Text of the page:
Earle Williams (born Earle Raphael Williams; February 28, 1880—April 25, 1927) was an American stage actor and film star in the silent era.
Publicity photo, 1915
Earle Raphael Williams
February 28, 1880
|Died||April 25, 1927 47) (aged|
|Years active||c. 1899-1927|
|Spouse(s)||Florine Mahackmo Walz|
(1918-1927; his death)
|Parent(s)||Augustus P. Williams|
Eva M. Paget Williams
Williams was born in Sacramento, California, the son of Augustus P. Williams and Eva M. Paget Williams. When he was six years old, he moved with his family to Oakland. Later he attended the Polytechnic College of California. Before he began his acting career, Williams worked in a bicycle shop, competed as a bicycle racer, and served as a newspaper photographer for the Oakland Tribune.
Stage and film careers
After performing in bit parts in Oakland theaters, Williams began professional acting in earnest in 1901 with the Baldwin-Melville Stock Company in New Orleans. He went on from there to act in the Alcazaar Theater's stock company in San Francisco and with a touring company in Canada and the United States.
In 1912, he joined the Vitagraph film company, becoming its leading man in the 1910s, Williams was voted America's number one star in 1915, starting his career on stage as a teenager, the year he made perhaps his most popular film of all, The Juggernaut. Vitagraph wrecked a real train in this action melodrama, which co-starred Williams with his most frequent leading lady, Anita Stewart. They were also teamed in the studio's earliest and perhaps most famous entry in the then-popular serial genre, The Goddess in 1915, and Williams made a dashing gentleman thief in Vitagraph's 1917 version of the ever popular Arsene Lupin. He continued his popularity streak into the 1920s, often portraying stalwart military heroes.
Personal life, death, and family tragedy
Williams married New York native Florine Mahackmo Walz in October 1918. Nine years later, at age 47, he died in Hollywood, California, reportedly due to bronchial pneumonia. Following his death, his wife Florine lost most of the money from his estate through bad investments. By 1931 she had become so desperate for cash that she resorted to writing checks with insufficient funds in the bank and to forging signatures. Her previous arrests for dispersing bad checks and other financial and personal setbacks finally prompted the 33-year-old widow, who was on probation at the time in San Francisco, and her 80-year-old mother to commit suicide together by inhaling excessive amounts of chloroform. Death, according to news reports, appeared to be preferable for the two women rather than facing further humiliations for their family. Before their own deaths, the women used the same method of saturating rolls of cotton with chloroform to sedate and murder Florine's six-year-old daughter and three-year-old son.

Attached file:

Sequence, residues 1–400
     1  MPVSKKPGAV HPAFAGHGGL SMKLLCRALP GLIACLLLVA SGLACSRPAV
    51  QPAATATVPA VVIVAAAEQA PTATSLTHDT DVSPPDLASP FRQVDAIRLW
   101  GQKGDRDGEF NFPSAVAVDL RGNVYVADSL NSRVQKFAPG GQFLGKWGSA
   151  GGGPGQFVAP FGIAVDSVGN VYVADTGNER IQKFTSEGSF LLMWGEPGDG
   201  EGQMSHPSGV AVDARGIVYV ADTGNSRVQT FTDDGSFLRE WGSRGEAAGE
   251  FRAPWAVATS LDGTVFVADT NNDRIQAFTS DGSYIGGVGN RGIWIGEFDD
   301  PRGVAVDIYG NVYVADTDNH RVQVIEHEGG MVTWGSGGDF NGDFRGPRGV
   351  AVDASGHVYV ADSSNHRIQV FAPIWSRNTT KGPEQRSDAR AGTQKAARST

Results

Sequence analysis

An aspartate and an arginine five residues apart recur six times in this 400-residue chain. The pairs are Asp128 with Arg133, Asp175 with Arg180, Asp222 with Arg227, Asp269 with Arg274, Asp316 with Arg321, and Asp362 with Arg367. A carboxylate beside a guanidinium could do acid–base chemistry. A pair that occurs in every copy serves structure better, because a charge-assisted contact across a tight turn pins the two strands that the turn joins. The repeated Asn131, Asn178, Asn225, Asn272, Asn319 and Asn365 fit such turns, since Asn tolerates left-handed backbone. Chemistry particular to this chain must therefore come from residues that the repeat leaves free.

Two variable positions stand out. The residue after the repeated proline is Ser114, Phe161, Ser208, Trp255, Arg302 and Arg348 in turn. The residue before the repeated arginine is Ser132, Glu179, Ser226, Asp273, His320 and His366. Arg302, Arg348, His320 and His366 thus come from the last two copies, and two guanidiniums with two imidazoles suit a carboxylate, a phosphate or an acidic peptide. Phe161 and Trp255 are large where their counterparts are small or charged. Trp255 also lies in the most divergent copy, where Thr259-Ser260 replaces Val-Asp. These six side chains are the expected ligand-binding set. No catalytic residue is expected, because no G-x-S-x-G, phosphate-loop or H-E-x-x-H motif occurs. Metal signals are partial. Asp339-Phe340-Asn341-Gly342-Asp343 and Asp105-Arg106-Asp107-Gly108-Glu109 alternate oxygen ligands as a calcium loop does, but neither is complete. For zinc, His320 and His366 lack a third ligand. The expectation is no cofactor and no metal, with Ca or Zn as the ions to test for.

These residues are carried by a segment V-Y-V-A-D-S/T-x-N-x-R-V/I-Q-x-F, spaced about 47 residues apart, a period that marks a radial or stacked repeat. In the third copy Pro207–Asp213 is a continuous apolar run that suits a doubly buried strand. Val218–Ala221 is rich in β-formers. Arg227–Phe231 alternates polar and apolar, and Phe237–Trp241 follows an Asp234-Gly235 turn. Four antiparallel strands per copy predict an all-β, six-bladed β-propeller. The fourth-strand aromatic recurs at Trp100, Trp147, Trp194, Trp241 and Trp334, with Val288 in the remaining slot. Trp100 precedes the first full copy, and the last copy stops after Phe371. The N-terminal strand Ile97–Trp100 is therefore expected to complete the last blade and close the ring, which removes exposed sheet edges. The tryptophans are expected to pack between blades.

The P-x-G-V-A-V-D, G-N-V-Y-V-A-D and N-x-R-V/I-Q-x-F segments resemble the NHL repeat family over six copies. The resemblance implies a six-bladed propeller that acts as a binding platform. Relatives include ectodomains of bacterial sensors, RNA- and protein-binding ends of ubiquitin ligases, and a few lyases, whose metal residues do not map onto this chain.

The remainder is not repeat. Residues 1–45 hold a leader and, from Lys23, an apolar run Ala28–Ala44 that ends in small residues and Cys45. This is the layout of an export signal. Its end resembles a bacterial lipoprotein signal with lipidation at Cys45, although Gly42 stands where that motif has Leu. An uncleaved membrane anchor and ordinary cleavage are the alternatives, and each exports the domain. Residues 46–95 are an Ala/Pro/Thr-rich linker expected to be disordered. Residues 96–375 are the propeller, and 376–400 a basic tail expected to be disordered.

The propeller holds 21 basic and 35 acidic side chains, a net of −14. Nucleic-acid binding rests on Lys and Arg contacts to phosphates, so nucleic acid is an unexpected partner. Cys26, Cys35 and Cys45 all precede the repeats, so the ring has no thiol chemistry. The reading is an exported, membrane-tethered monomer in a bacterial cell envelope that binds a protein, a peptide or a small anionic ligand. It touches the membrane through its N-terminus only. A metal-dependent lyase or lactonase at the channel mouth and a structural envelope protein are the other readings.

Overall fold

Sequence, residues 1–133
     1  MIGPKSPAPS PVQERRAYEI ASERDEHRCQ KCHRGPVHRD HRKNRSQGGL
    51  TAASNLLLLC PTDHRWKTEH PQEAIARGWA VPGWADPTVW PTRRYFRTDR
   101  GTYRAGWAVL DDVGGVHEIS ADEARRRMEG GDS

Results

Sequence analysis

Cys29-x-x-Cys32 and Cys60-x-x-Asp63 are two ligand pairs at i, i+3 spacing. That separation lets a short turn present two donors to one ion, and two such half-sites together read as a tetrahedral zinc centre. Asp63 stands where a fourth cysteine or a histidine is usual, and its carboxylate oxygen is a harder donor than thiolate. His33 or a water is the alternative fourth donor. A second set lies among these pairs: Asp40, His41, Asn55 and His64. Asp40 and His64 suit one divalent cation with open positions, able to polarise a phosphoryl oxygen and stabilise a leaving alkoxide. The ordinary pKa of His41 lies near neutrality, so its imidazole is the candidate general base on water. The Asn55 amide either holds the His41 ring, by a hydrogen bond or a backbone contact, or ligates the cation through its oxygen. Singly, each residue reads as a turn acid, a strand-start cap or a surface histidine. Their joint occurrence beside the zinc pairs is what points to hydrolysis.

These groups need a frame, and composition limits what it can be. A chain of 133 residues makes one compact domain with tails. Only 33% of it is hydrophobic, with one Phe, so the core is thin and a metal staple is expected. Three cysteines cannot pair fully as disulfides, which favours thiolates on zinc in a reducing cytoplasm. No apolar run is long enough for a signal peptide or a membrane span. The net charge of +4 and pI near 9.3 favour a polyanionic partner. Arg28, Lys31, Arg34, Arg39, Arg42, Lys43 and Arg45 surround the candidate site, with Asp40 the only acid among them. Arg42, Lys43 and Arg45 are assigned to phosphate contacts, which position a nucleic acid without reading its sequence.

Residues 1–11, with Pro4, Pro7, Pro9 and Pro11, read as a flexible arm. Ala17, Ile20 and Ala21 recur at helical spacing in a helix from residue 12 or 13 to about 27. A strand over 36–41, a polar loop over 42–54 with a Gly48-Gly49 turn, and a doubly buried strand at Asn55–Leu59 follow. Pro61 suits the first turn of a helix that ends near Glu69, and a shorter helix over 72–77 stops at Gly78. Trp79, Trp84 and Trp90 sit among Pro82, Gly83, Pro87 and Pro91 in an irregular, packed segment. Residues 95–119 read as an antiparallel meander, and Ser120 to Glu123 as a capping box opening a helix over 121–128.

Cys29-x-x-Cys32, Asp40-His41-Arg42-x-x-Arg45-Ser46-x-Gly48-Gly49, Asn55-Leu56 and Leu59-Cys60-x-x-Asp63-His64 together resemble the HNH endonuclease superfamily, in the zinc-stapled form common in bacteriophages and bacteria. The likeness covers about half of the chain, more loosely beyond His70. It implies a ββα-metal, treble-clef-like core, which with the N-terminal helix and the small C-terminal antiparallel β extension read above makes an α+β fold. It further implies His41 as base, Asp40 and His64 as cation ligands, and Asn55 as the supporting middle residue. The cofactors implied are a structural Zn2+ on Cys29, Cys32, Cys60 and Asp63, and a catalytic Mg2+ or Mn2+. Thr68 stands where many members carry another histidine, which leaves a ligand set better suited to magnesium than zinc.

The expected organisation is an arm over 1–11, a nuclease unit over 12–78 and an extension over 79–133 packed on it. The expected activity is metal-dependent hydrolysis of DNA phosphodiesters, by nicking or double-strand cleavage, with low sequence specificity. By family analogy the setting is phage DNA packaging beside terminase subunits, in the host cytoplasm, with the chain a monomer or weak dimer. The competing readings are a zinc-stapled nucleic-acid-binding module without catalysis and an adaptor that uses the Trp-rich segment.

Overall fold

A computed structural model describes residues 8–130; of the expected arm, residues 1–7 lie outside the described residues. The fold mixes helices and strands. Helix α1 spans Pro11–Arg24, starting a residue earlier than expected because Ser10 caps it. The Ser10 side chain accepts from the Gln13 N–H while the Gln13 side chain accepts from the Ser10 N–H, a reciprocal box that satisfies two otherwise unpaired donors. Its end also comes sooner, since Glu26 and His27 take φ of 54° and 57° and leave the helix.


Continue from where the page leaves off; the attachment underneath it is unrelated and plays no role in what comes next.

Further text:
- A Tale of Two Cities (1911)
- The Military Air-Scout (1911)
- Red and White Roses (1913)
- Hearts of the First Empire (1913)
- Bunny Dips Into Society (1913)
- The Christian (1914)
- My Official Wife (1914)
- The Scarlet Runner (1916)
- The Maelstrom (1917)
- Arsene Lupin (1917)
- A Diplomatic Mission (1918)
- A Gentleman of Quality (1919)
- A Rogue's Romance (1919)
- The Fortune Hunter (1920)
- The Silver Car (1921)
- Lucky Carson (1921)
- The Man from Downing Street (1922)
- Fortune's Mask (1922)
- The Eternal Struggle (1923)
- Jealous Husbands (1923)
- Borrowed Husbands (1924)
- Lena Rivers (1925)
- The Adventurous Sex (1925)
- The Ancient Mariner (1925)
- The Skyrocket (1926)
- Diplomacy (1926)
- You'd Be Surprised (1926)
- Say It with Diamonds (1927)
- "EARLE WILLIAMS EXPIRES: Bronchial Pneumonia Ends Brilliant Career of Pioneer Filmland Favorite", Los Angeles Times, April 26, 1927, p. A2. ProQuest Historical Newspapers, Ann Arbor, Michigan.
- "Earle Williams A Prince of The Screen". The Morning Post. New Jersey, Camden. February 1, 1916. p. 9. Retrieved October 22, 2019 – via Newspapers.com.
- "Actor began career here". Oakland Tribune. California, Oakland. August 10, 1931. p. 3. Retrieved October 22, 2019 – via Newspapers.com.
- "Earle Once a Bicycle Rider". The Courier-Journal. Kentucky, Louisville. October 22, 1916. p. 15. Retrieved October 22, 2019 – via Newspapers.com.
- "LIFE BITTER TO WIDOW: Mrs. Williams on Probation Estate Transactions After Actor's Death Lead to Court Proceedings Shattered Love Affair With Oil Promoter", Los Angeles Times, August 10, 1931, pp. 1-2. ProQuest Historical Newspapers.
- Bartholomew, Frank H. (August 10, 1931). "Fear of arrest for theft drives Earle Williams' widow to kill family of 4". Oakland Tribune. California, Oakland. United Press. p. 1. Retrieved October 22, 2019 – via Newspapers.com.
|Wikimedia Commons has media related to Earle Williams.|